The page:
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Common Reasons for Social Security Disability Denial

An accomplished Gainesville Social Security disability lawyer answering clients’ questions for more than 30 years

If you become severely ill or suffer from an extended injury, you may be eligible for Social Security disability. Filling out the claim requires patience and paperwork. If you make an error when you file, you could be denied your benefits.

As Gainesville Social Security disability attorneys, we work with a number of clients who were routinely denied for SSDI benefits before they came to us. So we have compiled a list of common reasons for SSDI benefit denial:

  • Your total disability won’t last for a year
  • Your disability is based on alcohol or drug addictions
  • Social Security can’t obtain your medical records
  • Despite your severe medical condition, you are still working
  • You have excess income and resources (SSI only)

Our Gainesville lawyers work to reframe your application to show the court that you are in need of benefits.

Learn more about why you may be denied your benefits

It’s a matter of time. While your total disability does not need to be permanent, you must be totally disabled for at least 12 continuous months to be eligible. Many people who suffer very severe injuries as a result of an accident, or perhaps have stopped working because of such things as back surgery, a heart attack or stroke, are often upset and dismayed that their disability application has been denied. Under Social Security policy, if there is any reasonable chance that you will regain the ability to perform some work within 12 months of the accident, surgery or illness, they will deny your claim. Even if it is clear that you will be unable to perform your past work, the claim will be denied if there is a chance that you would be capable of performing other work.

Substance abuse may keep you from qualifying. Disability resulting from ongoing abuse of alcohol or drugs can keep you from qualifying for disability if Social Security determines that your continued abuse would keep you from working. However, total disability resulting from past abuse of drugs or alcohol is not disqualifying.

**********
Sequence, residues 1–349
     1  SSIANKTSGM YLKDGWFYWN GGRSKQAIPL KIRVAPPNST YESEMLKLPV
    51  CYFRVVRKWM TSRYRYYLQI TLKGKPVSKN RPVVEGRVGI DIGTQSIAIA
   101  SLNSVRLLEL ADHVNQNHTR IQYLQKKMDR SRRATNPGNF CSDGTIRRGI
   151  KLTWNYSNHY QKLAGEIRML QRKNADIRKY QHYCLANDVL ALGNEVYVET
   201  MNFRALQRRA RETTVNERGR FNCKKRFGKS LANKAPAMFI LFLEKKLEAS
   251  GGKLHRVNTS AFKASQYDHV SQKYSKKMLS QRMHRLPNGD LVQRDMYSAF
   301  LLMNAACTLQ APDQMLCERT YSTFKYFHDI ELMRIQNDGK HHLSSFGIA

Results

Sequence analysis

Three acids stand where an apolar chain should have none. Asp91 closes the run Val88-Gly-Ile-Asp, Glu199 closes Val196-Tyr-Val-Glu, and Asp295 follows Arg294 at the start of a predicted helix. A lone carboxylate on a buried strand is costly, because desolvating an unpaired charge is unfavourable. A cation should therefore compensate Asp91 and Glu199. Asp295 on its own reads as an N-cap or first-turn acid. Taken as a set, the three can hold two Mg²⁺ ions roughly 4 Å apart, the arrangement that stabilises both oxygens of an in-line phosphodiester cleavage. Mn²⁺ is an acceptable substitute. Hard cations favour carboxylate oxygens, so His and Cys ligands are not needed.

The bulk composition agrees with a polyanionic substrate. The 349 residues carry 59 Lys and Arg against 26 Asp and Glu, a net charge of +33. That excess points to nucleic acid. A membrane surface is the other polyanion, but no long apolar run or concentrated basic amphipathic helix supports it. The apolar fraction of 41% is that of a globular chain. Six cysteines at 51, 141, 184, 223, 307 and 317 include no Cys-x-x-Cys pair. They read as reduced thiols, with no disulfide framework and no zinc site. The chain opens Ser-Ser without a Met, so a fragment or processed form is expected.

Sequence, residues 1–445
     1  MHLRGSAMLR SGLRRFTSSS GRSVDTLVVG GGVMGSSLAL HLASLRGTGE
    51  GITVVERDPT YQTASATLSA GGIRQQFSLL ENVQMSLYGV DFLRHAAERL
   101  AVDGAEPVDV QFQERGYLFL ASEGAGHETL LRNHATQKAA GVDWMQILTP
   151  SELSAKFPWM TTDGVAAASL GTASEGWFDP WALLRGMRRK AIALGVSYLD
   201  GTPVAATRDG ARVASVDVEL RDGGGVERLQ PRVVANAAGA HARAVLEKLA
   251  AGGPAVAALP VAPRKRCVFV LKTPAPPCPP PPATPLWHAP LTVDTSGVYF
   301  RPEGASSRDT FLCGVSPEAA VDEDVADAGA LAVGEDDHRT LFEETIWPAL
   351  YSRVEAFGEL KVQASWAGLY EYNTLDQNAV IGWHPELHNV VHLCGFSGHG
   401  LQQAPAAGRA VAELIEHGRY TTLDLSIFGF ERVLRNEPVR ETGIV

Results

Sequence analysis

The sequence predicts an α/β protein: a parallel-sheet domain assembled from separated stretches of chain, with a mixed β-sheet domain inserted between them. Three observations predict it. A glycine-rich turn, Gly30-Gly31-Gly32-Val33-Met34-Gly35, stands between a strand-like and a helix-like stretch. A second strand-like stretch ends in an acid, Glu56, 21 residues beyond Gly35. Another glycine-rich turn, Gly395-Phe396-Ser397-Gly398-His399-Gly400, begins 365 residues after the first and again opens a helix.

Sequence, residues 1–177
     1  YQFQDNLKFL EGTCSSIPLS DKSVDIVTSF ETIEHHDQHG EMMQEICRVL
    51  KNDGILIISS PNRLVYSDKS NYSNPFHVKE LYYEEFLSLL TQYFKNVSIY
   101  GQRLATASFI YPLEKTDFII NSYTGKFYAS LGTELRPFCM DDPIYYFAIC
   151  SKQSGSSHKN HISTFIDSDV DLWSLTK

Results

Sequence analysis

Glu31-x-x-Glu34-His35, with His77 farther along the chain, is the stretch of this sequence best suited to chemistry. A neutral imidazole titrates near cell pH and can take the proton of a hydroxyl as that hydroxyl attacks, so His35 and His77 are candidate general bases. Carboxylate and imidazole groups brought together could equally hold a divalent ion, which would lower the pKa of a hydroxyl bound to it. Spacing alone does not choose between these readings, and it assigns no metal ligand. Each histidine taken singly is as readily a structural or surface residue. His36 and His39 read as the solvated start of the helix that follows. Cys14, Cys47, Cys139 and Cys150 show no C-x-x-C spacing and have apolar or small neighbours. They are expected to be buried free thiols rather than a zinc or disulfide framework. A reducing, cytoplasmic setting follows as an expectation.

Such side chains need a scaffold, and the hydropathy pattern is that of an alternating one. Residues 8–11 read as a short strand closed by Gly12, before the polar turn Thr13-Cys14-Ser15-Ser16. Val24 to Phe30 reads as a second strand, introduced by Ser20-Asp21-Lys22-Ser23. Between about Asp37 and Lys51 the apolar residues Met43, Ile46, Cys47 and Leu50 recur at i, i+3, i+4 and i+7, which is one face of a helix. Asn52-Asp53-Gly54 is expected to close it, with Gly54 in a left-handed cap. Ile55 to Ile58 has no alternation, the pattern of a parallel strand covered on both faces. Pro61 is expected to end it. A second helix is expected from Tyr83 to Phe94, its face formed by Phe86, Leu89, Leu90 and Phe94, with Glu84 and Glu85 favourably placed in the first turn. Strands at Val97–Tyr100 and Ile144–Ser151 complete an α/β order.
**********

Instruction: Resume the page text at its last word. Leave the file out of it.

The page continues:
Doctors are very busy. Social Security handles millions of disability claims each year, which entails obtaining medical records and information from many different doctors, hospitals and other health providers. Most of these health professionals are very busy, and it can be a burden for them to send records when they are repeatedly requested in connection with a disability claim. We work with your doctors to minimize the effort on their part, while maximizing the benefit to you in obtaining what is needed, when it is needed.

Substantial gainful activity prevents you from collecting. Under Social Security Regulations, “disability” means that you have severe medical condition(s) which prevent you from working. So no matter how severe your medical conditions may be, your claim cannot be granted if you are engaged in “substantial gainful activity.”

There are financial restrictions. Your income and resources (and those of your spouse) do not matter if your claim is for Social Security disability insurance (SSDI). However, if your claim is for Supplemental Security Income (SSI) there are very stringent limitations. For example, if a married individual is applying for SSI only, and their spouse has a good steady job, they may not be financially eligible for SSI even if they have a severe medical disability.

Call a Gainesville Social Security disability lawyer with the knowledge to assist you

Being denied for Social Security disability doesn’t have to happen twice. We help you file your SSDI claim correctly the first time, thus avoiding the common mistakes that cost you time and money. To schedule a free consultation, contact the Law Offices of John V. Hogan by phone at 478-546-1010 or online.

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